And then the tables were turned, as these younger readers brought up some titles that I had not yet read: Twilight and its companion novels by Stephenie Meyer, current bestsellers I had heard of but have not picked up, despite the ease with which I could have gotten my hands on copies (my niece would surely lend me hers for awhile if I asked, wouldn't she? Shouldn't she?), and Howl's Moving Castle and the Chrestomanci Books by Diana Wynn Jones. I'm glad that I at least had heard of Christopher Paolini's Inheritance Cycle, but sadly I could not finish any of the books. Was the generation gap at work here? In fact, the only authors with whom I seem to have met some minor success are Garth Nix and Eoin Colfer (as well as the ubiquitous J.K. Rowling). This was an eye-opener for me, since I still enjoy reading young-adult books, and I thought I would at least recognize a good number of the new books. Not so. Many of the titles that were mentioned were as unfamiliar to me as Watership Down was to them.

Hey-ho. The gap exists. Now what can be done about it? I don't think I can say it better than John Klima did:

Now why does it matter if writers aren't reading each other across generations?

Younger generations are missing out on seeing how established writers continue to hone their craft. If we take Silverberg as an example, what makes his writing fresh to keep selling new material? What keeps him writing? If you're very lucky as a writer, you will have a career as long as Robert Silverberg's. In my opinion, part of learning how he's accomplished this feat (other than talent) is to read what he writes and to learn from what he's done and is still doing. In some respects, a younger writer reading older writers is akin to an apprenticeship.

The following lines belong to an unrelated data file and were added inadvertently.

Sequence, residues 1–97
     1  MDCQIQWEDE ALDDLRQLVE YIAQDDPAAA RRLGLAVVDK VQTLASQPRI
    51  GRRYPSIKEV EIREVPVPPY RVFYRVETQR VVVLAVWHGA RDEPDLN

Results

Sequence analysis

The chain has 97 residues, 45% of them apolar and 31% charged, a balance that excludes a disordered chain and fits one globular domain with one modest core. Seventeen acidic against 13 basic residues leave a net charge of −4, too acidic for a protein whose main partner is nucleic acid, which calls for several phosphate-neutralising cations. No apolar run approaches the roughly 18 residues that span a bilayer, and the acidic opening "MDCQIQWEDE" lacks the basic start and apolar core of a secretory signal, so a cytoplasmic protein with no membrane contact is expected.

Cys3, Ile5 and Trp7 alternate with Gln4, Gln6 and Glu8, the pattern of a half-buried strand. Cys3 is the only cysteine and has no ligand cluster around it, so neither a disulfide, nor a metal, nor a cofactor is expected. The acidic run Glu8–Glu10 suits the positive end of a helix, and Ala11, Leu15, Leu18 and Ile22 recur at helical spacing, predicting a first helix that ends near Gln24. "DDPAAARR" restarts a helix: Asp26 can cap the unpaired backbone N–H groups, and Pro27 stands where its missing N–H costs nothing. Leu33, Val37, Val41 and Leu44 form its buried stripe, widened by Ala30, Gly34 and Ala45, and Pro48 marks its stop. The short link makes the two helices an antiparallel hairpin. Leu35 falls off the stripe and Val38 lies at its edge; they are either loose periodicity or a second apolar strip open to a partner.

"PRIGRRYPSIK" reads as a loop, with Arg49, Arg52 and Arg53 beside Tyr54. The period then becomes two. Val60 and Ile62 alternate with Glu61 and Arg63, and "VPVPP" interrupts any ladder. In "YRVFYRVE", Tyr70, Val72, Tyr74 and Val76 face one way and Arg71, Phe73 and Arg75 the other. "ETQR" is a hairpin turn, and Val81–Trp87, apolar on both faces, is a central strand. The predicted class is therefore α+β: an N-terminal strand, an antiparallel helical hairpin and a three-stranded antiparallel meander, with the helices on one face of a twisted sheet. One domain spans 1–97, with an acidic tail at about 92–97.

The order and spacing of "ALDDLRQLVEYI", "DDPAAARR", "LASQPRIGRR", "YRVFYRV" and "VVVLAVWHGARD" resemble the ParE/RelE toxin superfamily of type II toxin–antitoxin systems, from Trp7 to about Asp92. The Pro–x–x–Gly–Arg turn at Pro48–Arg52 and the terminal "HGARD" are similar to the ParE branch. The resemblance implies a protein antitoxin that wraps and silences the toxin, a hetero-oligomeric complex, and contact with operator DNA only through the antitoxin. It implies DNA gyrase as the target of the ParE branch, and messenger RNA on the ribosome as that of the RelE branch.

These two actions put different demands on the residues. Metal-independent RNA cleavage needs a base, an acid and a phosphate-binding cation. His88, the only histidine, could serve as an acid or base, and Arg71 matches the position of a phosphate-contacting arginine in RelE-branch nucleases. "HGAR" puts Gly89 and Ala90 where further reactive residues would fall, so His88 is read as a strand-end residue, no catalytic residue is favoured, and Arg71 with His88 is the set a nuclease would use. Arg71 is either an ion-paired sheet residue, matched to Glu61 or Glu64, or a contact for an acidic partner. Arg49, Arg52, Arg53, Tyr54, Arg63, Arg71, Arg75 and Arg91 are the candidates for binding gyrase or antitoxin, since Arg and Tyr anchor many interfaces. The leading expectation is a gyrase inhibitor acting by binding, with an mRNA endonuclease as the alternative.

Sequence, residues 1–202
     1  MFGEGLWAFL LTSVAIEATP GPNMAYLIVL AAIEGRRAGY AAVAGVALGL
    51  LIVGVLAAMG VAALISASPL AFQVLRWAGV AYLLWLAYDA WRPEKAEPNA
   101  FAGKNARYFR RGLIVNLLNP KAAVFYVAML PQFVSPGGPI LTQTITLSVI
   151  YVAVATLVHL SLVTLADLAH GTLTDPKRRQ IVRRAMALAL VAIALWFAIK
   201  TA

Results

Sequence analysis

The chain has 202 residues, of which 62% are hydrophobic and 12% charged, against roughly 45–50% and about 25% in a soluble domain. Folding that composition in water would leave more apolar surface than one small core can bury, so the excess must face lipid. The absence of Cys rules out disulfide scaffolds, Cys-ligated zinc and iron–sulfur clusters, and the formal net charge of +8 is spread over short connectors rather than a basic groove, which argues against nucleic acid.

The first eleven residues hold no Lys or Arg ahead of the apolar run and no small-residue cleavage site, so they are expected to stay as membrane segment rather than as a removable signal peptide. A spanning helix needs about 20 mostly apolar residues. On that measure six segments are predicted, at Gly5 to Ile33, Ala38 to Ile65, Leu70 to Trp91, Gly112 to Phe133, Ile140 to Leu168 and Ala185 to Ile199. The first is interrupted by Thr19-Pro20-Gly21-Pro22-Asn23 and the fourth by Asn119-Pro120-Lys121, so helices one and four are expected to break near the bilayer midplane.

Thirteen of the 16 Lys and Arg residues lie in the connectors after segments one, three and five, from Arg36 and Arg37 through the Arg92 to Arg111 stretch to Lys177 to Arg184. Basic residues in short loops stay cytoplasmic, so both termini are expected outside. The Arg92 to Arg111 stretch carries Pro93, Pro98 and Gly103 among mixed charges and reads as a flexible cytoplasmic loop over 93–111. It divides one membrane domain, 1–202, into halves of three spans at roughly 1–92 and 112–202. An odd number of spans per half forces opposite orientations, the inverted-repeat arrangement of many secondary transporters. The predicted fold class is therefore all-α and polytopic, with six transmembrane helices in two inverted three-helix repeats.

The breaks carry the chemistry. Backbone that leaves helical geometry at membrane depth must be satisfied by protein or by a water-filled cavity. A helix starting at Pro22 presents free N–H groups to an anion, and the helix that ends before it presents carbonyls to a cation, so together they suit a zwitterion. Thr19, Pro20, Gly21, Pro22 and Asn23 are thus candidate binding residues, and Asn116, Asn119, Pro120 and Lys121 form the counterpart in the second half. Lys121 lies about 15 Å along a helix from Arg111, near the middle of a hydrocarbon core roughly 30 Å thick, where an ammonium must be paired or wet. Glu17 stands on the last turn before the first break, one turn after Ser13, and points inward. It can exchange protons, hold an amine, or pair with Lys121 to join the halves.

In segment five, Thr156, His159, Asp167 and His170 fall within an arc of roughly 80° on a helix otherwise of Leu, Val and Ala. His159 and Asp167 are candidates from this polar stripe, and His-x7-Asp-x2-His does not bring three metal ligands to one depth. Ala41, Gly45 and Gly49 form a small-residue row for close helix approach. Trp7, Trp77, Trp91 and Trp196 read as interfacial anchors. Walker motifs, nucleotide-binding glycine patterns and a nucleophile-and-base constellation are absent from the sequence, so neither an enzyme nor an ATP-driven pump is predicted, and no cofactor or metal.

As for the older generations, there's something to be said for seeing where the future of a career is going. Are there things getting published today that could inspire an established writer to try something new? Look at the impact that Moorcock's tenure with New Worlds or Ellison's Dangerous Visions anthologies had.

It's a dangerous thing to limit who you read when you're a writing professional. Unless you know what's being done, there's no way you can do something that ISN'T being done. This is called environmental scanning, which is vital to being successful in your field. You see what everyone else in your profession is already doing. You can learn whether what you're doing is similar to others in the field that are already successful. You can also learn what people like from what's being done. But, more importantly, if you do your scan correctly, you can see what's lacking from your environment. And if you can define what's lacking, you can fill it.

But you can only do that by being thorough. So this is my assignment to all the writers out there: find a writer from a different generation than your own and read a short story from them.

And if I may add, not just short stories, but novellas and novels too. There is certainly much that younger readers can learn from those who have already trod the paths, making them well-worn, but it wouldn't hurt also for the older readers to turn and see just what new routes are being carved out by younger minds through the realm of story. It is so easy to dismiss tales as either "having been done" (for the older ones) or "dusty and old-fashioned" (for those who are younger), but the path of least resistance is not always the best. The greater, the greatest, rewards can often come from the mind that stays open, and empathetic, no matter how old--or young--one becomes.